March 6, 2018 / 2:57 PM / 14 days ago

BlackRock, Soros may invest in Deutsche's asset management IPO: source

FRANKFURT (Reuters) - BlackRock (BLK.N), George Soros and big sovereign wealth funds are among investors expressing interest in buying stakes in the initial public offering of Deutsche Bank’s (DBKGn.DE) asset management arm, a person familiar with the matter said on Tuesday.

FILE PHOTO: The company logo and trading information for BlackRock is displayed on a screen on the floor of the New York Stock Exchange (NYSE) in New York, U.S., March 30, 2017. REUTERS/Brendan McDermid

The sovereign funds include Singapore’s Temasek [TEM.UL] and Saudi Arabia’s Public Investment Fund (PIF), the person said.

Deutsche Bank is finalizing plans for the IPO of the asset management business, known as DWS, that have been a year in the making. Deutsche is expected to sell 25 percent of existing DWS shares for 1.5-2 billion euros ($1.9-$2.5 billion), people close to the matter have said.

DWS is seeking anchor investors, the person said, while it also wants to ensure the liquidity for the free floating shares.

Deutsche Bank’s largest investors, the Qatari royal family and the Chinese conglomerate HNA [HNAIRC.UL], are not expected to invest in the IPO, said the person, who disclosed the potential investor base on condition of anonymity because the IPO process is ongoing.

Spokesmen for Qatar and HNA declined to comment. A Deutsche Bank spokesman declined to comment, while the potential DWS investors declined to comment or were not immediately available for comment.

The DWS listing will mark the most tangible milestone yet in Chief Executive Officer John Cryan’s struggle to restructure the flagship German bank.

Deutsche said in March 2017 it would list a stake in DWS as part of a broader overhaul to help the bank move on from a string of lawsuits and trading scandals.

Some investors have raised questions about the timing of the IPO as the economic growth cycle turns and financial markets become more volatile.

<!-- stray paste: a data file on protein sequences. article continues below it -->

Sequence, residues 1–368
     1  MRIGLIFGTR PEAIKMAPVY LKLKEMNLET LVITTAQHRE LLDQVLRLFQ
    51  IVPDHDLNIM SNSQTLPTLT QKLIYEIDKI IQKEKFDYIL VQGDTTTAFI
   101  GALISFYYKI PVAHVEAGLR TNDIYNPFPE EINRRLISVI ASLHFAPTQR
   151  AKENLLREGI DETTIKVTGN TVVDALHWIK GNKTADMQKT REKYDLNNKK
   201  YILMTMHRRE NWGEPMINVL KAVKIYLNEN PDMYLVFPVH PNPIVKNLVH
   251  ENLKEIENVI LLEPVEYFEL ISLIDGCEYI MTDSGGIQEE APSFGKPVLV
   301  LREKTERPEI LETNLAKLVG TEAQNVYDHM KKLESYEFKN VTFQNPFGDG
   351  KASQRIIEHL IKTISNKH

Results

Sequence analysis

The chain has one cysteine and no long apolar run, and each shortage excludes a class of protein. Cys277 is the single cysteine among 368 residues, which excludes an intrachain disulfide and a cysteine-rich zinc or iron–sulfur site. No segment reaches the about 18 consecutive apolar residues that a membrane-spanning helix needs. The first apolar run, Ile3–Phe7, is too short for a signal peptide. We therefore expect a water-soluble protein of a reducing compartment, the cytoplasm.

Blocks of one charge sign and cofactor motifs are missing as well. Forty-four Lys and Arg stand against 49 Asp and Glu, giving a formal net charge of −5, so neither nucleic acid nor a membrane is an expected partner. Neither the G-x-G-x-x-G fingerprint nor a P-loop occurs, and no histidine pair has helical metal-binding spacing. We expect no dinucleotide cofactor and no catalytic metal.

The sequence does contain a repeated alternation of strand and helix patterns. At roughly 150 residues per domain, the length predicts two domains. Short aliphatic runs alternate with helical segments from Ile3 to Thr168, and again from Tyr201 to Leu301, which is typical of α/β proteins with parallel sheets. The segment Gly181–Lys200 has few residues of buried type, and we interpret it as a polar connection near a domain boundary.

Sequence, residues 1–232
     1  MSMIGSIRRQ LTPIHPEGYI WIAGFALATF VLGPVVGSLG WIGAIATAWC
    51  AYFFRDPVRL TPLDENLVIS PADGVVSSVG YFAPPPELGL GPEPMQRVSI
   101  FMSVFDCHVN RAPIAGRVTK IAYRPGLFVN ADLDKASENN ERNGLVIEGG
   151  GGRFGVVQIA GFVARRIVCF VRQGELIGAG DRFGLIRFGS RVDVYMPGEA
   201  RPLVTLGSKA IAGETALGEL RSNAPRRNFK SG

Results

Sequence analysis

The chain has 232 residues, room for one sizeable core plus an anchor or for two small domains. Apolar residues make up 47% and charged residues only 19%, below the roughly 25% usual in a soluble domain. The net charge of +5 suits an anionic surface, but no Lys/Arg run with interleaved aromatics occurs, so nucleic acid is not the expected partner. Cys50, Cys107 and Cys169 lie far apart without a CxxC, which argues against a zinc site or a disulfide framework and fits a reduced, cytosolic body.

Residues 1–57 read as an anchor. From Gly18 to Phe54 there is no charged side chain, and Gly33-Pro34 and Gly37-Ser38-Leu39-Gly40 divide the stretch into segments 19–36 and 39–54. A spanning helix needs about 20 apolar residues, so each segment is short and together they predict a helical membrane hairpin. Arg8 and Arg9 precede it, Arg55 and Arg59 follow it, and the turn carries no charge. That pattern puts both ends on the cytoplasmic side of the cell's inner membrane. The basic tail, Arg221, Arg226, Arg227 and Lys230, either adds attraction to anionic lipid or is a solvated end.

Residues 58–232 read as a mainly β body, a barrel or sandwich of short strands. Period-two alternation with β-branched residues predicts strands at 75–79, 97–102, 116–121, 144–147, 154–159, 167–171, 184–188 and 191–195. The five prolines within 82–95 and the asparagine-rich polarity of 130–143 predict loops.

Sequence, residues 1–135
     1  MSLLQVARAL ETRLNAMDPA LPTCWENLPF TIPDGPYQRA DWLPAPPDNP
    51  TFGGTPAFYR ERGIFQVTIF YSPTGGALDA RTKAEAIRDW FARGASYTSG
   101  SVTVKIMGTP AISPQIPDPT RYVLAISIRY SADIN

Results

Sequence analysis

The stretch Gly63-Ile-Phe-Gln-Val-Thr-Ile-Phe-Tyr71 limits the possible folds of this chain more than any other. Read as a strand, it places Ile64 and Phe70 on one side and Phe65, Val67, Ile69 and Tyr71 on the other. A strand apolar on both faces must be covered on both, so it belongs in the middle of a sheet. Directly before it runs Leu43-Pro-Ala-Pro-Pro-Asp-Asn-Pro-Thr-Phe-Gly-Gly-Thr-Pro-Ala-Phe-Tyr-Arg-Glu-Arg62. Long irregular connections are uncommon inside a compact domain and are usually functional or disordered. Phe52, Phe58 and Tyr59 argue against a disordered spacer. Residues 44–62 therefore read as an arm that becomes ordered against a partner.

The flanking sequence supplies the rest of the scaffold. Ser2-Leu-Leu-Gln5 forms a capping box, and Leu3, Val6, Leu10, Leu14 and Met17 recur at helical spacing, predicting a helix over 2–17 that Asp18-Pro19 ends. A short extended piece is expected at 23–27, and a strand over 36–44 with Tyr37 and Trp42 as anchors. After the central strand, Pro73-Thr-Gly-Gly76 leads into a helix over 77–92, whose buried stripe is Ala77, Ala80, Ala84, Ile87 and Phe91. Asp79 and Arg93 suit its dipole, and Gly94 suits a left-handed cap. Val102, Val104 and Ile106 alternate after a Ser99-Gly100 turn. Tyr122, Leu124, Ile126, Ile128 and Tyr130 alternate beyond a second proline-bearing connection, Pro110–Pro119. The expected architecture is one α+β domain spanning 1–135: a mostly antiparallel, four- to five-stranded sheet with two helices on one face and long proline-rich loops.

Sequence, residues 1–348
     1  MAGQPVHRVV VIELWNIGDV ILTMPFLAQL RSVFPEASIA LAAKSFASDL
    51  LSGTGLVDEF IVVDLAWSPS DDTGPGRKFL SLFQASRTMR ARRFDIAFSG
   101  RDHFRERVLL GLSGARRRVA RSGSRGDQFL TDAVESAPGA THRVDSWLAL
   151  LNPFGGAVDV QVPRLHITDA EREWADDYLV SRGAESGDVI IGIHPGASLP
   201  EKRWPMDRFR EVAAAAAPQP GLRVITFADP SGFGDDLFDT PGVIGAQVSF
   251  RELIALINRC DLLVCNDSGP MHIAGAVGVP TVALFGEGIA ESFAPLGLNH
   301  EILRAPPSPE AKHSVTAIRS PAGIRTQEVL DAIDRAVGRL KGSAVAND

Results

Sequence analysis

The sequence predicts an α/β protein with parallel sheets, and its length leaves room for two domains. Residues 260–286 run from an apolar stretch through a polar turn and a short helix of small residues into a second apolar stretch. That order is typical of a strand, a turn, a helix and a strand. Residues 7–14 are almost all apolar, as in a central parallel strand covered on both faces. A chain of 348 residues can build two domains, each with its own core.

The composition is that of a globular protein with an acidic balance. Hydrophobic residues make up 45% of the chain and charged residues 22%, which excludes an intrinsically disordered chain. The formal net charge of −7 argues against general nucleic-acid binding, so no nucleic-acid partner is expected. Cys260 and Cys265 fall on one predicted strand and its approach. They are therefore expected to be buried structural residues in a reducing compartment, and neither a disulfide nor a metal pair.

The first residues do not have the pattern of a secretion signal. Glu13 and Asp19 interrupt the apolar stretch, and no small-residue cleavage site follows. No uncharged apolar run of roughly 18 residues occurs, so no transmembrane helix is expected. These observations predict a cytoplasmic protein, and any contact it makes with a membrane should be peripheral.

FILE PHOTO: Business magnate George Soros arrives to speak at the Open Russia Club in London, Britain June 20, 2016. REUTERS/Luke MacGregor/File Photo

“One of the key investor concerns regarding DWS is the question whether the asset management industry in general is at the top of the cycle,” said a second person close to the IPO.

The asset management industry is facing pressure on fees and rising regulatory costs, which show no signs of abating and which could limit profits for the sector.

“Asset management is under pressure from regulators, investors and the public to perform better and charge less,” said Tom Brown, Global Head of Asset Management at consultants KPMG. “Firms need scale or to specialize to stay in the game.”

    These potential constraints come on top of issues specific to Deutsche Bank.

    “Will DWS be able to cut costs as harshly as needed?” the second person close to the IPO said. “Will it be able to do an interesting large M&A deal given the fact that DB wants to retain control?”

    Another concern among investors is that Deutsche Bank could dilute the price of DWS shares by selling down its stake if the bank needs to raise capital.

    The IPO would help Deutsche to bolster its balance sheet and quell shareholder unrest over the pace of its turnaround after three consecutive years of losses. It could also possibly open the way to dividend payouts.

    A price range for the shares is expected to be announced as soon as Sunday, followed by the publication of an investor prospectus on Monday.

    The IPO would likely take place in the week of March 19, sources have said, adding it had been brought forward hoping to lock in stock market valuations ahead of any correction.

    DWS head Nicolas Moreau, formerly with the French insurer Axa (AXAF.PA), has been on the road for four weeks over the past few months drumming up investor interest and plans to meet with investors again next week.

    Additional reporting by Simon Jessop in London and Anshuman Daga in Singapore; Editing by Kathrin Jones and Jane Merriman and David Evans

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